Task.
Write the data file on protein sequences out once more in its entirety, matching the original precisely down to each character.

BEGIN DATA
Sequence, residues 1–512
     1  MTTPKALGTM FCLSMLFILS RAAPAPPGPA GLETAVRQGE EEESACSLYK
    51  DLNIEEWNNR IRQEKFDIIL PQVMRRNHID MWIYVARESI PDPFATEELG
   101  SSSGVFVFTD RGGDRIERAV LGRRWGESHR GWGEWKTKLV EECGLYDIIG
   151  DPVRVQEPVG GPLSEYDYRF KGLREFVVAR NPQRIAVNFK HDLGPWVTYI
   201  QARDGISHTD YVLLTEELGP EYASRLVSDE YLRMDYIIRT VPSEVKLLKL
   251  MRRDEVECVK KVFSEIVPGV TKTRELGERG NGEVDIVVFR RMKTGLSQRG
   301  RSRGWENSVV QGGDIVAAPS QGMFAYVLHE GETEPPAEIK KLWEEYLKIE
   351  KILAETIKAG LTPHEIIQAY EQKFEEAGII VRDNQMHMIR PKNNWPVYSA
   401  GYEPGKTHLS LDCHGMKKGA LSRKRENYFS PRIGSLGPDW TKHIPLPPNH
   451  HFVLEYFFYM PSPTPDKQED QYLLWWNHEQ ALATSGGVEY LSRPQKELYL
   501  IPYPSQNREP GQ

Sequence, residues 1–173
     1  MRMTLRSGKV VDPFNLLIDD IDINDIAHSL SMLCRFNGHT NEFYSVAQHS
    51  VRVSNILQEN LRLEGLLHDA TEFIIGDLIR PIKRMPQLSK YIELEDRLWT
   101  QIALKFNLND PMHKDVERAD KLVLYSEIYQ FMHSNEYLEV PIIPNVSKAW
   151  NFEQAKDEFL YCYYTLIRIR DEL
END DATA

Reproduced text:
Sequence, residues 1–512
     1  MTTPKALGTM FCLSMLFILS RAAPAPPGPA GLETAVRQGE EEESACSLYK
    51  DLNIEEWNNR IRQEKFDIIL PQVMRRNHID MWIYVARESI PDPFATEELG
   101  SSSGVFVFTD RGGDRIERAV LGRRWGESHR GWGEWKTKLV EECGLYDIIG
   151  DPVRVQEPVG GPLSEYDYRF KGLREFVVAR NPQRIAVNFK HDLGPWVTYI
   201  QARDGISHTD YVLLTEELGP EYASRLVSDE YLRMDYIIRT VPSEVKLLKL
   251  MRRDEVECVK KVFSEIVPGV TKTRELGERG NGEVDIVVFR RMKTGLSQRG
   301  RSRGWENSVV QGGDIVAAPS QGMFAYVLHE GETEPPAEIK KLWEEYLKIE
   351  KILAETIKAG LTPHEIIQAY EQKFEEAGII VRDNQMHMIR PKNNWPVYSA
   401  GYEPGKTHLS LDCHGMKKGA LSRKRENYFS PRIGSLGPDW TKHIPLPPNH
   451  HFVLEYFFYM PSPTPDKQED QYLLWWNHEQ ALATSGGVEY LSRPQKELYL
   501  IPYPSQNREP GQ

Sequence, residues 1–173
     1  MRMTLRSGKV VDPFNLLIDD IDINDIAHSL SMLCRFNGHT NEFYSVAQHS
    51  VRVSNILQEN LRLEGLLHDA TEFIIGDLIR PIKRMPQLSK YIELEDRLWT
   101  QIALKFNLND PMHKDVERAD KLVLYSEIYQ FMHSNEYLEV PIIPNVSKAW
   151  NFEQAKDEFL YCYYTLIRIR DEL